Tuesday, 2 July 2013


My essay on the literature of John F. Kennedy's assassination was broadcast on Open Book Sunday, and will be repeated this Thursday, which ironically enough is the 4th of July. But it's already up on IPlayer, and will stay up on the Open Book page of the site. You can link to it here--my piece begins about nine minutes into the show.

It had to be edited from what I originally recorded, and some crucial things are missing. In particular a mention of Anthony Summers' 1980 compendium Conspiracy, which has been re-issued steadily (under different titles) but remains a good one-volume starting point, and more crucially, the non-fiction of the third wave. Ray and Mary LaFontaine's Oswald Talked does an excellent job of demonstrating what Oswald the federal informant might have thought he was doing in Dallas, and thus shows that, as Posner, Mailer and the like unwittingly established, he was a prime candidate to be set up as a patsy.

And James Douglass' 2008 JFK And The Unspeakable is to me the most impressive and convincing argument for a conspiracy, and for that conspiracy being part of an ongoing part of American life. You can link to my review of it via the 'Bullseyes' listing on the right of this page.

I also mentioned the dual dilemma faced by those who believe in the likelihood of a conspiracy--they can disprove the accepted, Warren Report version, but it is difficult to prove any of the alternatives. In fact, if the real assassins were to confess tomorrow, many researchers would dismiss the confessions. More frustrating, if you believe JFK was not killed by a lone, crazed assassin you are deemed to be responsible for any and all crackpot conspiracy theories out there, and not just about the assassination. Whereas those who accept the mainstream solution are never held responsible for governmental or official lies or malfesance, regardless of how many times it can be proven to occur.

I will post my script as originally recorded after the repeat has been broadcast. In the meantime, Open Book's always a good programme to listen to, and it's nice to get in ahead of the coming great wave of assassination literature as the fiftieth anniversary nears.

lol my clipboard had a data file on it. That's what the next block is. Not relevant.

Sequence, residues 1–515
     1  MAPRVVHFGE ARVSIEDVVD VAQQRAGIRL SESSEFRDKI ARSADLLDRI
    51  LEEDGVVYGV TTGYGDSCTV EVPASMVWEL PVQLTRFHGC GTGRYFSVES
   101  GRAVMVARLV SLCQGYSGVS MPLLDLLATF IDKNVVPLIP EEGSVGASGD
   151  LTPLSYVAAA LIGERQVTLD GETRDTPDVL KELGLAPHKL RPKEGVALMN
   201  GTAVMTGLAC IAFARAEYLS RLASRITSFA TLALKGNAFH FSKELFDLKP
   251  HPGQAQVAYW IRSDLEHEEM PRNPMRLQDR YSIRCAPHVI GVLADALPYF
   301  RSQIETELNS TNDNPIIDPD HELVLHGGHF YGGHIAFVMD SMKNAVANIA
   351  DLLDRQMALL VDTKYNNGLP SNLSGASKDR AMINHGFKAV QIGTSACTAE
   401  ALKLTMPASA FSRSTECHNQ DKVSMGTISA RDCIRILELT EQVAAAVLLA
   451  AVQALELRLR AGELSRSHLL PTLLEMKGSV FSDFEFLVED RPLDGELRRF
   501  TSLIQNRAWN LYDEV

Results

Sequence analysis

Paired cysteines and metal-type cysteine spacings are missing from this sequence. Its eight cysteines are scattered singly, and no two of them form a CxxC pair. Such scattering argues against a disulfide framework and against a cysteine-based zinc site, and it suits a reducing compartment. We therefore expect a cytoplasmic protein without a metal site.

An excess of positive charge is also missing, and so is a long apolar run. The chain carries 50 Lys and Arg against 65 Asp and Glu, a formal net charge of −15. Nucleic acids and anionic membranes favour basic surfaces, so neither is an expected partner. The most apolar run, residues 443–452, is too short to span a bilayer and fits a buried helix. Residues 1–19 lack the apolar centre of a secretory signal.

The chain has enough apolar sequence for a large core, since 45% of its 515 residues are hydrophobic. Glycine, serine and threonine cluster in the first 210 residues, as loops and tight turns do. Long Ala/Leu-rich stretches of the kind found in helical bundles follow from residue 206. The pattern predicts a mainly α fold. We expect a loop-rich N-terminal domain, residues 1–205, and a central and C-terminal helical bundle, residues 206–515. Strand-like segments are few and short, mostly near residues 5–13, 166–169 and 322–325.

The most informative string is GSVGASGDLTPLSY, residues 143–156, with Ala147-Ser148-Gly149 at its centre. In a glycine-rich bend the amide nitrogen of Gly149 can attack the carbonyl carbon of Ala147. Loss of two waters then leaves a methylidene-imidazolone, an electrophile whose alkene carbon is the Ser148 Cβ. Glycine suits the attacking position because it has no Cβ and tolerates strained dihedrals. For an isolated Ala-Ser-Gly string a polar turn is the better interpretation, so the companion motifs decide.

Unknown said...

Yet to come this November 6th is the Roger Stone book "The Man Who Killed Kennedy" which holds the promise of releasing the most accurate and extensive commentary ever written about the assassination. I preordered mine at Amazon: http://www.amazon.com/The-Man-Who-Killed-Kennedy/dp/1626363137/ref=sr_1_1?

Michael Carlson said...

I won't hold my breath waiting for something from the likes of Stone. LBJ theories have been rampant for years, and absent a positive ID of Mac Wallace's print in the depository, none of them make much sense--not to say LBJ's elevation to the presidency might not have been a consideration from some of those involved in the plot--but it was something done at a much lower level.

Debz Hobbs-Wyatt said...

Someone told me about your interview that I just listened to and shared the link on my Twitter page and Facebook page -- fascinating. My d├ębut novel While No One Was Watching will be published by Parthian Books this October. While the premise is a little girl who disappeared from the grassy knoll at the exact moment in time Kennedy was assassinated -- the question is why is she still missing 50 years on? What did she know? It's really a story about love and loss and family and is narrated by a reporter and a psychic but it really does tap into my own (and I hope the public's) sustained fascination in this moment in history. I allowed real people to brush up alongside my fictional characters, using real evidence from that day but this time looking for a little girl. I love the interplay between fact and fiction and in fact used this as my MA in Creative Writing dissertation a couple of years ago.I wasn't born when Kennedy was shot but it's a moment I still know well. I agree that fiction and in particular Oliver Stone's movie does a lot to change what people believe -- especially as we move into a generation that are too young to have a memory of the time. It's easy to believe in the fiction. And it seems with so many books on the subject it's hard to define what is fact and what is fiction. Love this. Thanks for interesting interview. Look out for my novel :) Debz Hobbs-Wyatt

Charline said...